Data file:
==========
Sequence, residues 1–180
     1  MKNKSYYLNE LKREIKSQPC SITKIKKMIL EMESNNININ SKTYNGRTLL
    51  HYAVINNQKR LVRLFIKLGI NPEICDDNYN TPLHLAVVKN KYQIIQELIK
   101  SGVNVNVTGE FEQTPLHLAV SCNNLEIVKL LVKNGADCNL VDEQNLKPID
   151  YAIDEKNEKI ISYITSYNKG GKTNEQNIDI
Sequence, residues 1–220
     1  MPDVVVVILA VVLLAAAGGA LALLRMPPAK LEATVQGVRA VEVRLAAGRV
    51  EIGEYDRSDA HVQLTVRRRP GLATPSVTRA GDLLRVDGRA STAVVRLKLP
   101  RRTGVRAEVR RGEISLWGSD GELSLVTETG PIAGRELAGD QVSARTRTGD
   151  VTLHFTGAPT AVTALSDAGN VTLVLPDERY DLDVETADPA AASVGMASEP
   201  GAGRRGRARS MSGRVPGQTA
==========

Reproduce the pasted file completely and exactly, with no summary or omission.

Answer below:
Sequence, residues 1–180
     1  MKNKSYYLNE LKREIKSQPC SITKIKKMIL EMESNNININ SKTYNGRTLL
    51  HYAVINNQKR LVRLFIKLGI NPEICDDNYN TPLHLAVVKN KYQIIQELIK
   101  SGVNVNVTGE FEQTPLHLAV SCNNLEIVKL LVKNGADCNL VDEQNLKPID
   151  YAIDEKNEKI ISYITSYNKG GKTNEQNIDI
Sequence, residues 1–220
     1  MPDVVVVILA VVLLAAAGGA LALLRMPPAK LEATVQGVRA VEVRLAAGRV
    51  EIGEYDRSDA HVQLTVRRRP GLATPSVTRA GDLLRVDGRA STAVVRLKLP
   101  RRTGVRAEVR RGEISLWGSD GELSLVTETG PIAGRELAGD QVSARTRTGD
   151  VTLHFTGAPT AVTALSDAGN VTLVLPDERY DLDVETADPA AASVGMASEP
   201  GAGRRGRARS MSGRVPGQTA